Feds to Hand Over Database for Florida Voter Purge

The federal government will hand over a database Gov. Rick Scott had requested to aid in the state's non-citizen voter purge. (Photo by Gage Skidmore.)

By Ashley Lopez
Florida Center for Investigative Reporting

Despite an ongoing battle between Florida and the federal government over the state’s effort to purge non-citizens from its voter rolls, the Department of Homeland Security (DHS) will now allow state officials to access the Systematic Alien Verification for Entitlements (SAVE) database.

State officials have said the database would allow them to identify more accurately potential non-citizens. Before the state announced this weekend that it would gain access to the federal database, officials sued DHS for withholding the records.

The U.S. Department of Justice, however, has sued the state over the purge, which federal government has alleged is illegal. Officials at the Justice Department have also warned the state that the  SAVE database is not a comprehensive list of citizens and that the state did not provide specific identifiers necessary to properly cross-reference the state’s records with the federal government’s database.

Since the state first started its voter purge, Democrats and civil rights experts have said the effort unfairly targets minorities and could remove people who have the right to vote.

The News Service of Florida reported:

Secretary of State Ken Detzner said Saturday that the state has received access to a federal database that could allow it to move forward with a voter purge aimed at removing suspected non-citizens from the rolls…

“I am very pleased that the federal government has committed to giving us the access necessary to identify noncitizens on the voter rolls and make sure these ineligible voters cannot cast a ballot,” Detzner said in a statement released Saturday. “Florida voters are counting on their state and federal governments to cooperate in a way that ensures elections are fair, beginning with ensuring the voter rolls are current and accurate.”

Detzner almost immediately sent a letter to elections supervisors, many of whom have so far resisted the purge, suggesting that access to the federal database would allow the program to resume. The state had stopped sending names beyond a random sample to the supervisors after many complained it was riddled with inaccuracies.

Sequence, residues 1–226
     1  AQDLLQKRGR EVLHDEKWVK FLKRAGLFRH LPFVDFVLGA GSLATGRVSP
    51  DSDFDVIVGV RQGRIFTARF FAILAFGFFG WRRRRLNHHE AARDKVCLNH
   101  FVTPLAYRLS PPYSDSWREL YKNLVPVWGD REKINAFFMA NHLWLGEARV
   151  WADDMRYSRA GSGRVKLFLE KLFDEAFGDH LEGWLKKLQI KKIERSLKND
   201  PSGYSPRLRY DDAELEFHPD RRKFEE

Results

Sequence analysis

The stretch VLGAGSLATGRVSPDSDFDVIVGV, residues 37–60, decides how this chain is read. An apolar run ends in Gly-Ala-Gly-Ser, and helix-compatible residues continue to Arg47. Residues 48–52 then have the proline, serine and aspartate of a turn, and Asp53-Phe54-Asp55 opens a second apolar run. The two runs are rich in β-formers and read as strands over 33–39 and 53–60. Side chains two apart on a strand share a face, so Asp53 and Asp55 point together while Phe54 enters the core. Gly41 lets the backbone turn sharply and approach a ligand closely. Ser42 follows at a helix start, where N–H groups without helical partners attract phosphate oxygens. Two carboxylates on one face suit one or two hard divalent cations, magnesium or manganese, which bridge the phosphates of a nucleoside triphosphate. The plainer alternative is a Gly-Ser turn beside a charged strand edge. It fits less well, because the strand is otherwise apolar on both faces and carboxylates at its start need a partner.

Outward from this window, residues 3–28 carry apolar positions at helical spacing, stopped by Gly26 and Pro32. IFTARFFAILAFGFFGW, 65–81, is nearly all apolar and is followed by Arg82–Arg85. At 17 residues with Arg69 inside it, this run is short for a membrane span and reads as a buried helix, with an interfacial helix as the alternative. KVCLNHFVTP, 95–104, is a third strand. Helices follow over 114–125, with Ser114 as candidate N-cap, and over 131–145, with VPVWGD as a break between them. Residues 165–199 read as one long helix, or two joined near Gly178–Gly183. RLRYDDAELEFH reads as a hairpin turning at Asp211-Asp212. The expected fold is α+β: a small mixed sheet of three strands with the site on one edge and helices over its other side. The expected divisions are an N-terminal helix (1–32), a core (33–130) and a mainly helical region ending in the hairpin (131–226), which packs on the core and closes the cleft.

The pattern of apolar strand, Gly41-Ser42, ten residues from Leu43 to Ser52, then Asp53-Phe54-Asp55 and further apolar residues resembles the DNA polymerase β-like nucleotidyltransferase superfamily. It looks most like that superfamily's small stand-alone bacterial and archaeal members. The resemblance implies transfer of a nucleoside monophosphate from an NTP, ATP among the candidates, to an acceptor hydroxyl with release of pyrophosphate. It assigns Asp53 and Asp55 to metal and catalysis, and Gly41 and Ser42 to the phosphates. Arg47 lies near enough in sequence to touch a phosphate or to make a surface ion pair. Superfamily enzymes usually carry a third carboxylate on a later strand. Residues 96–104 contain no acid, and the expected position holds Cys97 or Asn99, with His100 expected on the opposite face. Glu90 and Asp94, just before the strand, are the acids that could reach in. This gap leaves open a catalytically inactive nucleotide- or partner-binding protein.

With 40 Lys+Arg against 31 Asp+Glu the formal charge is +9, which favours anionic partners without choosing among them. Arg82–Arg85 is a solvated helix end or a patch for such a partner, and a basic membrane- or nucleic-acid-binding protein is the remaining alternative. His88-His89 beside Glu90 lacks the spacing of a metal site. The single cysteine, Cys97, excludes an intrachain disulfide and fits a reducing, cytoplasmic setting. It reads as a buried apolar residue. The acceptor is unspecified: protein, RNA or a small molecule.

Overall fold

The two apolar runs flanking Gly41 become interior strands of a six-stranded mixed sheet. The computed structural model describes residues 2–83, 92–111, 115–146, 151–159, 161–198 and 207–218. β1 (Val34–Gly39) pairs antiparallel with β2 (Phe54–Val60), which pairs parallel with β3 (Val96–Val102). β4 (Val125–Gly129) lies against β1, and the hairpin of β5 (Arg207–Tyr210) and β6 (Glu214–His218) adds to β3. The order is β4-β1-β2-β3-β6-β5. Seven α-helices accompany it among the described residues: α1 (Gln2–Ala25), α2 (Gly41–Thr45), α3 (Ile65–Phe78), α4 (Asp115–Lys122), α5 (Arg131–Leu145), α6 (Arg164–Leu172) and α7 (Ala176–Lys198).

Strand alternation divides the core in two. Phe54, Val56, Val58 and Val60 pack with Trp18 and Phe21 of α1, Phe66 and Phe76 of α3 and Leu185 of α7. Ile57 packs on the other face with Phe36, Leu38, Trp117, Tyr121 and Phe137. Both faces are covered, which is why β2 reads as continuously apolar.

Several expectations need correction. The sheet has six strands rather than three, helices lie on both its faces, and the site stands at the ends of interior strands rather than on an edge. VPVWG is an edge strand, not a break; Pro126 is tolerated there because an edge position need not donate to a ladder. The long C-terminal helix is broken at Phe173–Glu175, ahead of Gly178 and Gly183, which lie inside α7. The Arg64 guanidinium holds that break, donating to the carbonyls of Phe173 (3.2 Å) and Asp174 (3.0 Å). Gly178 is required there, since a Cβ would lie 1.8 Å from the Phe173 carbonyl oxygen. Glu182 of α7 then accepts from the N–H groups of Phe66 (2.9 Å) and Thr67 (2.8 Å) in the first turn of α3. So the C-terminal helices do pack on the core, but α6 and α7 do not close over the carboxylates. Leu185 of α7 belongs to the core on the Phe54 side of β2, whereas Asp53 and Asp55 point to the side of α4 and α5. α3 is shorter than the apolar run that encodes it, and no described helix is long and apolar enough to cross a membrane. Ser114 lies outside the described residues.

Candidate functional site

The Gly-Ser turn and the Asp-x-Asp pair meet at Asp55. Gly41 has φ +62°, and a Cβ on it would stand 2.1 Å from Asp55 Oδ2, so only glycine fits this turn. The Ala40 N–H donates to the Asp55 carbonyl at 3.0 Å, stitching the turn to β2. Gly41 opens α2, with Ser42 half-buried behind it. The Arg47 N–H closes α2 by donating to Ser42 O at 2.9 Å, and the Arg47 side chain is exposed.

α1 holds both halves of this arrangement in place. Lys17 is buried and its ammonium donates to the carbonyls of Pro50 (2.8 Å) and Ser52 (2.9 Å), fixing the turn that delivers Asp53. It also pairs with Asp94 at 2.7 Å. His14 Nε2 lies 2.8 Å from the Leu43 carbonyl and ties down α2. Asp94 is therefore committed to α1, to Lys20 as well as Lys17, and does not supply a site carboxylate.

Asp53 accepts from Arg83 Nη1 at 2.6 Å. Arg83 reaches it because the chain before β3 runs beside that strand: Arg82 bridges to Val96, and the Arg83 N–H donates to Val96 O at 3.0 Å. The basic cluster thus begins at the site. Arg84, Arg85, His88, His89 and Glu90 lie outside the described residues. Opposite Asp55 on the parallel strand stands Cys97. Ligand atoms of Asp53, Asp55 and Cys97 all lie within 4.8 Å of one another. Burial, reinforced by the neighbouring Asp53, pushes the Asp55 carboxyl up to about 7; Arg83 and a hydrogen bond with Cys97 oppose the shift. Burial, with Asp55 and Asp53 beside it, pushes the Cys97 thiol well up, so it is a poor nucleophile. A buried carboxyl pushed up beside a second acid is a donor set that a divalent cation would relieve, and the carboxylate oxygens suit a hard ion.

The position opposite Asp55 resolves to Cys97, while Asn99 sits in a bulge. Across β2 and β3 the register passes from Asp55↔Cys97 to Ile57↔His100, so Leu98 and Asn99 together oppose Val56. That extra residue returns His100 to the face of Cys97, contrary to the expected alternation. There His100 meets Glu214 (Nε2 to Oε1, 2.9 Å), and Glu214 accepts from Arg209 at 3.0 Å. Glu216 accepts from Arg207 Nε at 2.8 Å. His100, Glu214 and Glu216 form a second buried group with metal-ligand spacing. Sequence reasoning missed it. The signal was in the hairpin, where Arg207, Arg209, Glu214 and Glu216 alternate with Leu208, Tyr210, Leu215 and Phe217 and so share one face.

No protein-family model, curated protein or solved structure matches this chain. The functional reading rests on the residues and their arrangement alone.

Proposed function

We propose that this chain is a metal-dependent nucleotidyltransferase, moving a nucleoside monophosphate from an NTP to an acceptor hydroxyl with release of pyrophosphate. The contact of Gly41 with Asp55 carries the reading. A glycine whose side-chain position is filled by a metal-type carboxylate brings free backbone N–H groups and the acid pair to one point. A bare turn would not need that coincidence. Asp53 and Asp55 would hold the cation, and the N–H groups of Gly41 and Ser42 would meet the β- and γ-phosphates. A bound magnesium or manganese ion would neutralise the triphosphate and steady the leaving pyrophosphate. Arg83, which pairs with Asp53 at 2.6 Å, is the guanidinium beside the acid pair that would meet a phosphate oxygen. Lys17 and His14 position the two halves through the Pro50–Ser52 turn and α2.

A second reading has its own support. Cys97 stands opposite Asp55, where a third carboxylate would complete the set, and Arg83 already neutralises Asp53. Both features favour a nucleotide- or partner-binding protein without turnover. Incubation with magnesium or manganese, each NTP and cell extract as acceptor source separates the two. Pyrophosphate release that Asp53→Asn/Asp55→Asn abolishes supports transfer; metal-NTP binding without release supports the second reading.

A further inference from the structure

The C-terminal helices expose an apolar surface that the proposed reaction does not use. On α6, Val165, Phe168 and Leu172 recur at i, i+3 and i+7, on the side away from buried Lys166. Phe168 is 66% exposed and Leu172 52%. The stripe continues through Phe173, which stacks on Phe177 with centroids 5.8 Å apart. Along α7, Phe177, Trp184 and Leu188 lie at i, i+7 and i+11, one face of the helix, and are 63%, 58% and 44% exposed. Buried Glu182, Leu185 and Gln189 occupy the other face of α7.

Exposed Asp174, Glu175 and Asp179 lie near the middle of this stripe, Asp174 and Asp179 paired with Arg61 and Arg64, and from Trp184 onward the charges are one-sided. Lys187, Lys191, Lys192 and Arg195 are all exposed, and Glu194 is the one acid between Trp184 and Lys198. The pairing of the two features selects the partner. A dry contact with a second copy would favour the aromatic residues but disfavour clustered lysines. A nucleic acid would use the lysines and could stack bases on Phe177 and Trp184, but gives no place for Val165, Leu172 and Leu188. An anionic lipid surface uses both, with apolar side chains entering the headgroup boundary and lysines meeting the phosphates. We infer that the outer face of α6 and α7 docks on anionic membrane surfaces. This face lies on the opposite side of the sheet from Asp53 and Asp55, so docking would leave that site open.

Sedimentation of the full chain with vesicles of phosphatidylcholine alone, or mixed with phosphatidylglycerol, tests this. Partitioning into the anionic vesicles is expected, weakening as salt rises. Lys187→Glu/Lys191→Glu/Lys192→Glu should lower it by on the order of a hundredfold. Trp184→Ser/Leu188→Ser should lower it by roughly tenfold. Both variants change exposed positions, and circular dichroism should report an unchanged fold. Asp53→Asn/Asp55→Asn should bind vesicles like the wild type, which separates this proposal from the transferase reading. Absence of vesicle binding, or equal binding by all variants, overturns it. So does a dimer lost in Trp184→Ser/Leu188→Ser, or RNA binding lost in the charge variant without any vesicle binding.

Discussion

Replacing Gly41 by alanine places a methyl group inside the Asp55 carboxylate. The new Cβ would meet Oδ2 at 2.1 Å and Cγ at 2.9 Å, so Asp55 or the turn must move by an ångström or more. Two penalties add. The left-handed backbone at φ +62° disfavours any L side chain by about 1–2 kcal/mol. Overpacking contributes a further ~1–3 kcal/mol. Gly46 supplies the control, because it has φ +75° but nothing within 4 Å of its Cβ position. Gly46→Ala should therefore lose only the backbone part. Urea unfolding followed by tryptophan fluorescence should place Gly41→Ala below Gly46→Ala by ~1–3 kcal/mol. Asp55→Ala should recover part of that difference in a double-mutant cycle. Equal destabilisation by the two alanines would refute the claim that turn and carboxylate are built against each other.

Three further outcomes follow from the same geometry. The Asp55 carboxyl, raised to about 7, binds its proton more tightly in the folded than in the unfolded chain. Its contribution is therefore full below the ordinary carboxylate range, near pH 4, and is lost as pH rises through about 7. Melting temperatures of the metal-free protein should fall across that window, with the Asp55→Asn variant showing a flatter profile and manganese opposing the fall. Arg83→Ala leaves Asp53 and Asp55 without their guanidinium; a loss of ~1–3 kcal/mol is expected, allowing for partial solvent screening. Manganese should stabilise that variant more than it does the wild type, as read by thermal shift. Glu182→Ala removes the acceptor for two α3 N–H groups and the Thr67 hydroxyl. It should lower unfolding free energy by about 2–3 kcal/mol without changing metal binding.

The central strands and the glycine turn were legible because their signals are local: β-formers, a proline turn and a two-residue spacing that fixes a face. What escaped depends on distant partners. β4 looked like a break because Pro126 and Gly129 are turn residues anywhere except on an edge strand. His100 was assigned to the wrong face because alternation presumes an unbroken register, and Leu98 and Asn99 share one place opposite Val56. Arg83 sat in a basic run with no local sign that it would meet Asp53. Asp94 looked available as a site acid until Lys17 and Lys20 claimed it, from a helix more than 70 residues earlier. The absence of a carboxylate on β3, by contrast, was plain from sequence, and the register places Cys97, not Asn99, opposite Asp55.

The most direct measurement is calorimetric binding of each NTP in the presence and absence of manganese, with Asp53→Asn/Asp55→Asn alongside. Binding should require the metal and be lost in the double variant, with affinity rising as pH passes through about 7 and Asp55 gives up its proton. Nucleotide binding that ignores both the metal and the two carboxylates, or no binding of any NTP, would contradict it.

In the letter, Detzner says the state and the federal government plan to sign an agreement allowing the state use the Systematic Alien Verification for Entitlements, or SAVE, database “very soon.”

“The first set of names we intend to review using the SAVE database will be the names provided to supervisors this past April,” Detzner wrote. “The results will be provided to you for additional actions in accordance with applicable laws.”

Detzner also reiterated the state’s argument that the initial sample turned up examples of noncitizens who were registered to vote, some of whom had cast ballots.

“These ineligible voters must be removed to ensure the integrity of our elections,” Detzner said.

Detzner also told election supervisors to consider the state’s flawed list “obsolete.”

There has also remained questions as to whether the state can remove voters from its rolls within 90 days of an election. Already, three different lawsuits have been filed against Florida for removing voters so close to the state’s presidential primary in August.

However, a judge struck down an effort to stop the purge — mostly because all of the state’s local election supervisors had stopped the purge themselves. Many supervisors decided not to carry out the purge because there were too many mistakes. In just the first batch of names handed to the officials, a number of citizens were found in the lists of suspected non-citizens.

Despite the problems that the state has already faced in carrying out the task of removing non-citizens from the voter rolls, Scott has said he hopes other states will join the effort.

Politico reported:

Five presidential swing states — Ohio, Michigan, North Carolina, Colorado and Nevada — are among those hoping to use the DHS database to check their own voter rolls, according to CNN and the Associated Press.

“Hopefully,” Scott said, the agreement “creates a path for other states that have the same concerns.”

Colorado’s Secretary of State, Scott Gessler, has already threatened to sue DHS as well if the agency does not hand over its database.